How to talk to your kids about writing on walls

    In a previous interview with Smart Parenting celebrity editor-at-large Rica Peralejo-Bonifacio, the mom of two shared how she's dealing when her sons Philip and Manu like to draw on their walls at home. 

    While she also has allocated walls in their home where they can draw, if you are more on the conservative side, she recommends that parents also set up a "writing nook" just so they know they have a place where they can express themselves should they find the need to. The writing nook could simply be a table with pens and papers. 

    "And if they do end up writing on the wall after a thousand times of telling them not to do it, you're not going to have a heart of like, "Bakit mo ba ginawa yon?" with that anger. The question in your head is "Why can you not just do what is right?"

    As a parent who just learned how to be calmer with her kids, she advises saying this instead: "You know that I don't like for you to write on that wall. I already told you before and it makes me upset that you wrote on that wall. But I want to know, why did you write on that wall ba?"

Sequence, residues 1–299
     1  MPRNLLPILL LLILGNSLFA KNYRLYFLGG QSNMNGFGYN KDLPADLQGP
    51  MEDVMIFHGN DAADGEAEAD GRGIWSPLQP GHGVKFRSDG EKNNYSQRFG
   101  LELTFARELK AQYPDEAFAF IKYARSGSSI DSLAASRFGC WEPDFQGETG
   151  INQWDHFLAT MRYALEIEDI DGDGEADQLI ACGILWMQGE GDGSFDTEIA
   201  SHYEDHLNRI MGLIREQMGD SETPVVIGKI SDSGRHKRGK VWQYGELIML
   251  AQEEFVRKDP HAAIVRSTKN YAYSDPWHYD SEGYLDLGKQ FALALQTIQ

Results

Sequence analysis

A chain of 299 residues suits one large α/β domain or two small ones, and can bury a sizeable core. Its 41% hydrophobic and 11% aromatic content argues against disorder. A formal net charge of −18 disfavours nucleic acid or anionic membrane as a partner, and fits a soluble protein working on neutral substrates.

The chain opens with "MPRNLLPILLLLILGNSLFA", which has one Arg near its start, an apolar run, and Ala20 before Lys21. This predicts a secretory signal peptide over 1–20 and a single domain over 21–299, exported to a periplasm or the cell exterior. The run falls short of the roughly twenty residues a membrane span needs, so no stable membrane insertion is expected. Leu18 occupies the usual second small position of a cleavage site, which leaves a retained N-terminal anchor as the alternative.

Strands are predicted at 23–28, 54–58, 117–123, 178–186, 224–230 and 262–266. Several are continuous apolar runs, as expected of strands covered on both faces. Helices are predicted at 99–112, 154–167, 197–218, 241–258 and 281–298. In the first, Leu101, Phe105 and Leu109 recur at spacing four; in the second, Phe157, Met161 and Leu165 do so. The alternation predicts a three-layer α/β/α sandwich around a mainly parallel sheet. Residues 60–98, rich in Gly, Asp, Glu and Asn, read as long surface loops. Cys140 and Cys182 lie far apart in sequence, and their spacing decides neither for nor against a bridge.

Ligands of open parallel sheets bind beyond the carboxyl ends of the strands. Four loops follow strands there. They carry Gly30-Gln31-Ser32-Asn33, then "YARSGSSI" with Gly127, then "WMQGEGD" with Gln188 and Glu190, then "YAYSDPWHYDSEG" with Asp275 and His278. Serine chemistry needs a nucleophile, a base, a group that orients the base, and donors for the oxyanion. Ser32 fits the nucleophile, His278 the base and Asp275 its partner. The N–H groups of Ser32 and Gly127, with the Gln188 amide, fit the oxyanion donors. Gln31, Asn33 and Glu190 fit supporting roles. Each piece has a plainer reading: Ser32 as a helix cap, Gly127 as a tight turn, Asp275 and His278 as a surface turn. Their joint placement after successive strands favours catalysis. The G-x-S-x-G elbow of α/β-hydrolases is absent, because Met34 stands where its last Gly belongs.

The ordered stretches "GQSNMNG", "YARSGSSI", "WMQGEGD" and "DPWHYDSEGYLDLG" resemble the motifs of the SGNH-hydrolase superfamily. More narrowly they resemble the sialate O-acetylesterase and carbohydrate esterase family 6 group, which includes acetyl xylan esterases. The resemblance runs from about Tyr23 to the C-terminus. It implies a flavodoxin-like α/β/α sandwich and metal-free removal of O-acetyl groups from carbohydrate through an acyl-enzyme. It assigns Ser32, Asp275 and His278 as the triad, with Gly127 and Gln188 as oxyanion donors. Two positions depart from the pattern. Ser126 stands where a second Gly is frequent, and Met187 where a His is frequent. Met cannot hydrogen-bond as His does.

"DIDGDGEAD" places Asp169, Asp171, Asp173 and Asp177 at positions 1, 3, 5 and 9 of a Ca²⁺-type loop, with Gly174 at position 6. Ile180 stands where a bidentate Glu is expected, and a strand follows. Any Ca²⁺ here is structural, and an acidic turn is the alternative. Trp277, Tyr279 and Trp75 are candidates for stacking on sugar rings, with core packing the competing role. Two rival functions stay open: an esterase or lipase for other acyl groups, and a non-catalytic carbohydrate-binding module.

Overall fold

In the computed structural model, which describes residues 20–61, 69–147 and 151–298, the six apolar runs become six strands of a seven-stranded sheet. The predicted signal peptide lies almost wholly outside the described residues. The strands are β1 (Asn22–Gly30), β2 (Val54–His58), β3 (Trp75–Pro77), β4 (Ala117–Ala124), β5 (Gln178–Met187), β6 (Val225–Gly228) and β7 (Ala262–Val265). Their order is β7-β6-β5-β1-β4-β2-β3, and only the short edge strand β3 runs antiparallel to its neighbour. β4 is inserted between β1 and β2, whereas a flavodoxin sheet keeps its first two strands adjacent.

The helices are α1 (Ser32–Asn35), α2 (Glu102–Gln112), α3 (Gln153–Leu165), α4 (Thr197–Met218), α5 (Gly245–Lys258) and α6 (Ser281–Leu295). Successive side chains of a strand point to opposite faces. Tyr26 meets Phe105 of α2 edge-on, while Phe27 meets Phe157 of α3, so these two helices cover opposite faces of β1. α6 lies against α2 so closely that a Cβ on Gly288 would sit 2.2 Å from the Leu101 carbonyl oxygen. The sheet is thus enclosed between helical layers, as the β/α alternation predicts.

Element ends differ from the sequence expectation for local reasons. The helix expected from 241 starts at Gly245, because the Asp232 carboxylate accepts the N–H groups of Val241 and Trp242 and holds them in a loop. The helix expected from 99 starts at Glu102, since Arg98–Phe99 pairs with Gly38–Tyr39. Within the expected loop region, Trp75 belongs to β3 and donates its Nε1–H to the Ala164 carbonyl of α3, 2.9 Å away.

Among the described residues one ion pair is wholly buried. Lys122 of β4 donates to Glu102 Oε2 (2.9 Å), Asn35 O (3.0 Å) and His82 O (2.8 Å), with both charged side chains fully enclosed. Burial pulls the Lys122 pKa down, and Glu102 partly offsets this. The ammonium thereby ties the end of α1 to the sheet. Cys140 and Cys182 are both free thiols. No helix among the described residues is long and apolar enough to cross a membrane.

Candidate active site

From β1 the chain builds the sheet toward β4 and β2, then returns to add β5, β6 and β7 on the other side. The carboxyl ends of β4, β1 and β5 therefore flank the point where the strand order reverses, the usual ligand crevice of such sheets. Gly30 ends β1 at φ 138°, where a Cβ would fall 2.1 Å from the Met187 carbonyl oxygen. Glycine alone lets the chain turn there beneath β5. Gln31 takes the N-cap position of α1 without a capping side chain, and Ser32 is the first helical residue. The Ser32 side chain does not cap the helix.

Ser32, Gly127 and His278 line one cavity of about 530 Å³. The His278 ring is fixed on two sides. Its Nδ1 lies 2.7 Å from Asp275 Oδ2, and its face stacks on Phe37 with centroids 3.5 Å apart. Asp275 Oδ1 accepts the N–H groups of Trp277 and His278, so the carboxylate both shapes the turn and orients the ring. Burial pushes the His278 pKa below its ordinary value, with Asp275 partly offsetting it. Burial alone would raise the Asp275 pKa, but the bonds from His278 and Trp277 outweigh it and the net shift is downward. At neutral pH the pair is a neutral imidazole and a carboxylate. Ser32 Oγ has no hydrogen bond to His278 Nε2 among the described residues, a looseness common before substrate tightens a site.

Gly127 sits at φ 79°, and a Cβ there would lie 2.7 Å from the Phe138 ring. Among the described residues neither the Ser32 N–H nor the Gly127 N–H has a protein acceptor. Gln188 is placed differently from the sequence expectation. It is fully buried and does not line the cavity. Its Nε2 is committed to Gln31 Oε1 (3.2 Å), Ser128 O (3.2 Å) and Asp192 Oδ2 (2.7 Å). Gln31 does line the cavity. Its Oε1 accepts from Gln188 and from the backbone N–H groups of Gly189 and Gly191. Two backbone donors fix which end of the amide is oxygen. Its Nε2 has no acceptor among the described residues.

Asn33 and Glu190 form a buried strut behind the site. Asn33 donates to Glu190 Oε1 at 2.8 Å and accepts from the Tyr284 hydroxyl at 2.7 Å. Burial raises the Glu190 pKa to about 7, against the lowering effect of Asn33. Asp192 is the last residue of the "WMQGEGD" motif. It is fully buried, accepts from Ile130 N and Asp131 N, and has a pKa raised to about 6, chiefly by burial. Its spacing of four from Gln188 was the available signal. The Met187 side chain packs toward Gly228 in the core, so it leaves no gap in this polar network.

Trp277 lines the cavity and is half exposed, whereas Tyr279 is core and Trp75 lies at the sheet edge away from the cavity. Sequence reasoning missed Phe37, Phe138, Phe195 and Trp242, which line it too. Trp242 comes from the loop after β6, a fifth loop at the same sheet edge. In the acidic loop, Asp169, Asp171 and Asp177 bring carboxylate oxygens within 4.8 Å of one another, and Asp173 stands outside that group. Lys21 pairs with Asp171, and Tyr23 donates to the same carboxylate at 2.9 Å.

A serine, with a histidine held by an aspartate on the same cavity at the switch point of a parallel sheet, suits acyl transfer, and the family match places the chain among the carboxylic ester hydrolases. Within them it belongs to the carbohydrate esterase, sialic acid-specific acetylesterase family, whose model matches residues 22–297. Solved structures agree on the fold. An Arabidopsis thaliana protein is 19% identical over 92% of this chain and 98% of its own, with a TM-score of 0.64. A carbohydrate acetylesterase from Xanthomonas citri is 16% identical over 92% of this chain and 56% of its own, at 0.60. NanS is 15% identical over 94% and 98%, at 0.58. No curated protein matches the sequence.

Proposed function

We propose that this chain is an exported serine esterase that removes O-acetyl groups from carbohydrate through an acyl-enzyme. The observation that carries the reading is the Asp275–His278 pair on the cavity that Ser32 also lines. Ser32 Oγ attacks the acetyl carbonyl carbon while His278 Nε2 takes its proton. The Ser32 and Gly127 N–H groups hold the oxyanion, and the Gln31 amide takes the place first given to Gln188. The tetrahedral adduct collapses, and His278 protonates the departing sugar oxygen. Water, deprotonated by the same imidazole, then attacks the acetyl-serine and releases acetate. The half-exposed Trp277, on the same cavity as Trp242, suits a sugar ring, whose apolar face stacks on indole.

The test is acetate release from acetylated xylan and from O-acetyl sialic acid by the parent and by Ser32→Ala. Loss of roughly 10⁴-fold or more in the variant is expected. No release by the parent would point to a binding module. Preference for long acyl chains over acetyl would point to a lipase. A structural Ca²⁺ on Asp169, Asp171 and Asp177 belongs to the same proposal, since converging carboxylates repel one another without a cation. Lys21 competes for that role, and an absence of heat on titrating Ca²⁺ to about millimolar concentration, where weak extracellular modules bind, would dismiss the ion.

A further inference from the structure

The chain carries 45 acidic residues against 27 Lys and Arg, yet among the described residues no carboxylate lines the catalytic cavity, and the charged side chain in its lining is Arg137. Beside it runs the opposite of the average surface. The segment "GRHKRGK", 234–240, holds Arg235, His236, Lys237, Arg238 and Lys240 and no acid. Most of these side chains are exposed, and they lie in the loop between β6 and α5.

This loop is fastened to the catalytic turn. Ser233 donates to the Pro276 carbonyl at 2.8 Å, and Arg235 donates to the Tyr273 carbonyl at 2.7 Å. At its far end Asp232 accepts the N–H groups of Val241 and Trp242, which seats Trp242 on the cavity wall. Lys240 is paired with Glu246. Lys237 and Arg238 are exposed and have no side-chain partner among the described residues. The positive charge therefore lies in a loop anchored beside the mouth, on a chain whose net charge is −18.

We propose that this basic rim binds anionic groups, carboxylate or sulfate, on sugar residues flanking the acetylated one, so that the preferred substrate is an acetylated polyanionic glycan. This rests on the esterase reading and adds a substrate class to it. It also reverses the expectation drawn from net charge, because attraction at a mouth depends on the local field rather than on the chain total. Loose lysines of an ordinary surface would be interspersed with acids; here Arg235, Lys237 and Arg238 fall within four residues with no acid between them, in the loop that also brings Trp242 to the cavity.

"When you ask kasi your children in a calmer way, they also answer back in a calmer way as well," she explained. Watch the full video here.

    What you can do instead

    If you want your kids to have the full experience of drawing on your walls, but you are also torn with the mess they will make in your house, you may try these options.

     1. Let them use washable crayons or pens.



    At least nothing is permanent and you can both clean it up after.

    Buy it on Lazada here or on Shopee here.

    2. Put a big chalkboard sticker in your room.

    This is the biggest hack. They don't have to draw directly on your white wall, but you can put this chalkboard as your wallpaper. It can also double as a learning corner.


    Buy it on Lazada here or on Shopee here.

    Remember that the objective is to let your kids to have an outlet to express themselves, so that you can understand them and develop an open communication line with them.